Rita Felciano is dance critic for the San Francisco Bay Guardian and a California dance writer for Dance Magazine.


Chosen as the New Astarte


As the eclectic and historically significant repertoire of The Joffrey Ballet of Chicago has begun to re-emerge from storage, Maia Wilkins, who has been in the company since 1991, has become one of the troupe's most versatile dancers. In a company that avoids the star system, she has become something of an unofficial prima ballerina: not only a superb and effortless technician, but an actress of exceptional subtlety and range.

With her petite frame, parchment-pale skin, and steely strength, Wilkins can easily pass for an aquatic nymph--a role she has danced memorably in Gerald Arpino's Sea Shadow--or embody the suppressed eroticism of the central figure in Antony Tudor's Lilac Garden. And she can just as convincingly pull off the physical comedy of John Cranko's Taming of the Shrew or capture the harrowing isolation of the Chosen One in Nijinsky's The Rite of Spring, which she will perform at the Kennedy Center in February. Back in Chicago in April, Wilkins stars in the revival of Joffrey's landmark 1967 psychedelic ballet, Astarte. But this is a dancer with more than flower power. (See

Hedy Weiss is the dance and theater critic of the Chicago Sun-Times.


All the World's a Stage


David Shimotakahara, formerly a principal dancer and rehearsal director of Ohio Ballet, founded GroundWorks Dancetheater in 1998 to present new and vital choreography to audiences in conventional and nontraditional settings. His dramatic works for a small group of classically trained dancers are created in collaboration with composer Gustavo Aguilar and performed at Cleveland Public Theatre, where the company is in residence, and also in alternative spaces of historic and architectural significance. With its riveting choreography, intense performance style, portable stage, and inventive lighting, the company has mounted stunning productions in an old ice house, a modern library, a suburban church, and a contemporary sacred space shared by Jewish and Episcopal congregations. A brilliant success in Northeast Ohio, the company is now laying the groundwork for national touring. Says Shimotakahara, 45, "We're just itching to find out if our intimate brand of theater is relevant to a broader audience." The company will perform this season at Gray's Armory and Cleveland Public Theatre. (See

Wilma Salisbury is dance critic of The Plain Dealer in Cleveland, Ohio. She has contributed to Dance Magazine for more than twenty-five years.


Beating Her Taps Like Wings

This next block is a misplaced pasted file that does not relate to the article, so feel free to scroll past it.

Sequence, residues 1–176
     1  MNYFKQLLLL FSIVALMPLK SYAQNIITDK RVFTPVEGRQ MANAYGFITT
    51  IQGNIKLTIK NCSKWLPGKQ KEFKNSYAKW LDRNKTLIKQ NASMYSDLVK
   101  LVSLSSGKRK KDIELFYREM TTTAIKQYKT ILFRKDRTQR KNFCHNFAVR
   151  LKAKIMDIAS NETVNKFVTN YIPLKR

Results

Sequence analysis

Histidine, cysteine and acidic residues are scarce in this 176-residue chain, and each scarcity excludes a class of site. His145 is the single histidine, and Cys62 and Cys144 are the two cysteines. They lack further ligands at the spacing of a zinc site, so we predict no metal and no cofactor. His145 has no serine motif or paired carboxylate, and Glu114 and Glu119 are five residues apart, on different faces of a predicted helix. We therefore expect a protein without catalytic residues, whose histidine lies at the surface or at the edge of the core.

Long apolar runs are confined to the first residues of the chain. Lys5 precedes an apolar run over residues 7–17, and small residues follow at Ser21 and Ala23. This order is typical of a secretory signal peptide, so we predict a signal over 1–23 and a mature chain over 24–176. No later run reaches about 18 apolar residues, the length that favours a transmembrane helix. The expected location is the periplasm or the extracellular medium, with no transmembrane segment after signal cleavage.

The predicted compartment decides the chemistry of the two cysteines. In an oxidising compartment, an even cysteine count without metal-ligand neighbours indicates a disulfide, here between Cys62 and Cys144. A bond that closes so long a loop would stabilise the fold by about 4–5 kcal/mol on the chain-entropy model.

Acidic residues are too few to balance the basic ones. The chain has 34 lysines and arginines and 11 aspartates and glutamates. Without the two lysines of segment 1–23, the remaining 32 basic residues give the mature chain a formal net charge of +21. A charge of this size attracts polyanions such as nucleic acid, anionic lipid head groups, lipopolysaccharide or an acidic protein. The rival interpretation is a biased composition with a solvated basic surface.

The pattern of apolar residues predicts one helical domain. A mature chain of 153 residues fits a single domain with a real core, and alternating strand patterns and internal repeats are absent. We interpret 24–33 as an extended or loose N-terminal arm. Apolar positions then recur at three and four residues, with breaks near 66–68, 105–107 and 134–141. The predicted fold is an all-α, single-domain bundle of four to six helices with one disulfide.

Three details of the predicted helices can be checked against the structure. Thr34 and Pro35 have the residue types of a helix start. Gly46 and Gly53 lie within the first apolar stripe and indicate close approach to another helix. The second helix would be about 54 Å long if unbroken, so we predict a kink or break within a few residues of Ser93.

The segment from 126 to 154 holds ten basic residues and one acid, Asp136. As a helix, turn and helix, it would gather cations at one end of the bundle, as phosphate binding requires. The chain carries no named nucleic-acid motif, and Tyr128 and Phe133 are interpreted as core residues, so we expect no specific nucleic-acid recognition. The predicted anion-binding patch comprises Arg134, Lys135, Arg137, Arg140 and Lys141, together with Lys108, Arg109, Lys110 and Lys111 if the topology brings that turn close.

Roxane Butterfly is as lyrical on her feet as a butterfly is on her wings. A beautiful woman, she earned her name because she darts across the stage, her body riding lightly atop her feet. However, when Butterfly wants to deliver the hard stuff, she can "hit it" as sharply as glass cracking in the heat. Combining an elegant upper body with hard-core, technically precise footwork, she taps out her rhythms crisply, dancing up high rather than hunkering over. And she can float! Certainly this is a direct infusion of style from her mentor and teacher, Jimmy Slyde. Like Slyde, Butterfly can kiss the stage with her feet, slipping and skating, playing bebop cadences and rhythms. Roxane Butterfly is one of the distinctive new women tap stylists to watch. She is outside the mold, moving to her own rhythms, playing her own beat.

A great place to catch Butterfly is Club Maxim (212/736-0836) in the Stanford Hotel in midtown Manhattan on Sunday nights. There Butterfly and other NYC jazz-tappers improvise with musicians, a practice known in tap circles as "Universities of the Clubs." (See http//

Sally Sommer, a dance historian and professor at Florida State University, produced a documentary on club dancing, Check Your Body at the Door.


Amazing Technique for Starters


When this American Ballet Theatre soloist casually tosses double pirouettes between the fouette turns in the coda of the Black Swan pas de deux, then nails the finish as if to say, "OK, now give me something hard!" you realize that 23-year-old Gillian Murphy is a wonder. Her powerful stage presence is riveting, whether dancing Myrtha, Queen of the Wilis in Giselle, Kitri in Don Quixote, or a Depression-era floozie in Paul Taylor's Black Tuesday. She's fearless, flawless, and versatile. We can't wait to see her again next spring in ABT's annual Metropolitan Opera House season. (See